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Key demand drivers of infrastructure sharing: Alok Ranjan Mahapatra, Associate VP, Business Strategy and New Initiatives, India Telecom Infra Limited

December 15, 2010
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Sharing resources in a capital-intensive industry maximises the value to all stakeholders. We have seen this value being derived recently by the new licensees, who were able to roll out their networks with great speed.  Infrastructure sharing is also a means to optimise operations through a service level agreement, which is driving lower costs of operations by having multiple tenants share the operating expenses. On the whole, this cost optimisation in capex and opex enables a fair market play. Moreover, shared telecom infrastructure is a major contribution that the sector has made to the “go green” cause of civil society.

It is a well-known fact today that the telecom sector is the second highest consumer of diesel in the country, after the railways. The reason for this could be the lack of availability and reach of quality grid power in areas of telecom operations. In fact, telecommunication services have penetrated geographies faster than other basic services like health and education. In the future too, strict enforcement of rollout commitments through the licensing conditions laid down by the Telecom Regulatory Authority of India (TRAI) will drive infrastructure sharing.

Prospects of shared infrastructure in India

The growth of this sector is driven by the overall outlook for telecom carriers, and as of today, the growth remains promising. The sector is targeting the next billion-user mark and hence, the subscriber growth cycle will continue unabated in the short and medium terms. Voice and data traffic will continue to grow due to higher penetration of services across geographies and demographies. However, this growth in numbers does not necessarily reflect in the overall earnings of the individual players. Nevertheless, the gross revenue from the industry will see moderate growth due to the falling revenue of each incremental subscriber addition. Data growth driven by optimised carrier technologies along with the development of local content on the web will drive horizontal and vertical expansion in coverage. This, in turn, will drive the tower requirement in the next two years.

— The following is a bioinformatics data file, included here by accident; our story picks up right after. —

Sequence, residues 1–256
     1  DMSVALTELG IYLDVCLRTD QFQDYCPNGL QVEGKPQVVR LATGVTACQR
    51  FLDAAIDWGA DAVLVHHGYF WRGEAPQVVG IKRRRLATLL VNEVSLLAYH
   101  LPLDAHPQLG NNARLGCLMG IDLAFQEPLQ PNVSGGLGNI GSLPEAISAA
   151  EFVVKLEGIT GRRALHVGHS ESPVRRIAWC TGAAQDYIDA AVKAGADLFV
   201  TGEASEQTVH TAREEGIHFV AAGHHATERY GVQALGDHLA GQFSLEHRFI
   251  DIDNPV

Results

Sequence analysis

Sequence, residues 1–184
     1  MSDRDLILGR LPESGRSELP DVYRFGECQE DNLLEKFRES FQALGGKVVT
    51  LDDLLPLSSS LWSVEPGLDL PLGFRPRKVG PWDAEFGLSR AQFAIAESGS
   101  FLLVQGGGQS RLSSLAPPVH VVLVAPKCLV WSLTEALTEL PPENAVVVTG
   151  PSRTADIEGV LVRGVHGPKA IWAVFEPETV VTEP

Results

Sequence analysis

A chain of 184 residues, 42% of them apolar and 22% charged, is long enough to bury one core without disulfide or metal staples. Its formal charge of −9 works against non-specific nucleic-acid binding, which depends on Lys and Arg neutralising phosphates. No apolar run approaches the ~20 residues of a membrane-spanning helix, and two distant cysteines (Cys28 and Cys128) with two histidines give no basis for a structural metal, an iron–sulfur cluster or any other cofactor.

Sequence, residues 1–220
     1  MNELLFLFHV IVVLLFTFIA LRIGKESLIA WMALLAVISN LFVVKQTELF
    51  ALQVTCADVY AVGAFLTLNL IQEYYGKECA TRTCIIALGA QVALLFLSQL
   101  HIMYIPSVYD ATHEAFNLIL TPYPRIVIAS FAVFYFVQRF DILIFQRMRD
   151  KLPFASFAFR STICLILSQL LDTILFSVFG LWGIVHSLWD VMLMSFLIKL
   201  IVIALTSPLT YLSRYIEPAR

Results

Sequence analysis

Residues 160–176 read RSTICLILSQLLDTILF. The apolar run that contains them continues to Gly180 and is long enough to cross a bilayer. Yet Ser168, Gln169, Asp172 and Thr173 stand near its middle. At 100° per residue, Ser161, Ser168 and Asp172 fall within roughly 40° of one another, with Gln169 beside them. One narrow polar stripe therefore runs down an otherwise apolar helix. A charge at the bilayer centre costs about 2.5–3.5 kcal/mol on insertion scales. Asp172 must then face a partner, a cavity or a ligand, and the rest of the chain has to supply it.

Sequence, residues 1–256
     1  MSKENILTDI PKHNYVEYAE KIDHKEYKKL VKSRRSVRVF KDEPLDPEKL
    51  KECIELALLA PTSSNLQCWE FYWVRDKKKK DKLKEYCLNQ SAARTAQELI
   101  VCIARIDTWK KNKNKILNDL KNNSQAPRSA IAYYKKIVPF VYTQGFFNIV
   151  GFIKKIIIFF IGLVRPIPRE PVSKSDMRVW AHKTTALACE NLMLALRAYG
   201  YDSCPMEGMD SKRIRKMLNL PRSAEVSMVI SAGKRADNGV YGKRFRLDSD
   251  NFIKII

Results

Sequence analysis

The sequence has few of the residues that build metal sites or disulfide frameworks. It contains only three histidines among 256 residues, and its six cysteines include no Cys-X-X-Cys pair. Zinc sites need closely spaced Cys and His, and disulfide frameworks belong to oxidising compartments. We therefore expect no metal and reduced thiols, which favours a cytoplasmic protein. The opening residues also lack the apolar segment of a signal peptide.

This requirement will be met by increased sharing of passive infrastructure wherever available or else by building new towers. However, the demand for new towers will progressively fall and will be limited to expanding geographies.

Challenges confronting infrastructure sharing

The tower sharing industry is still nascent in India. It was carved out of the carrier business as a separate entity to maximise shareholder value. However, within a short span of about five years, the infrastructure sharing sector has evolved, showing signs of maturity.

However, the challenges confronting the sector are manifold. Currently, the industry is wholly dependent on telecom carriers for its tenancy, unlike the scenario in North America or Europe. Hence, the challenges of the telecom operators’ business scenarios get reflected on the IP business too. Unrelenting pressure on cost optimisation is bringing out greater innovations in terms of capex and opex management.

This is an extremely capital-intensive industry. The cost of passive infrastructure is over 70 per cent of the overall cost of rolling out a mobile telecom network. Therefore, the bulk of the capital investment required to roll out and maintain the network is under the aegis of the IP industry. Almost all the new/independent players in the industry have a huge debt portfolio in their balance sheet and are, therefore, being highly leveraged. The challenge is to run the business model successfully while honouring all stakeholder commitments.

Unregulated growth in the past is throwing up new challenges for the industry. Very often, one sees multiple towers on a single roof or a plot of land. This is affecting the optimum tenancy occupation of such investments. There needs to be much more collaborative competition within the telecom industry. It is in the overall long-term interest of all the stakeholders to collaborate in areas such as building a common database of towers to enable prudent future investments, in order to maximise the returns of every penny invested in the sector. This sector needs huge investments in the future, so the investor should see value and maturity in the investment arena to enable further flow.

Achieving operational excellence is another area where the individual managements  have to drive standard operating procedures to achieve cost optimisation. Due to the non-availability of grid supply or the poor quality of grid-alternative sources of power, diesel generator sets are primarily used to feed continuous power to remote networks. Pilferage in diesel at the local operating level throws up a humongous challenge to the operations and maintenance (O&M) activities of an IP.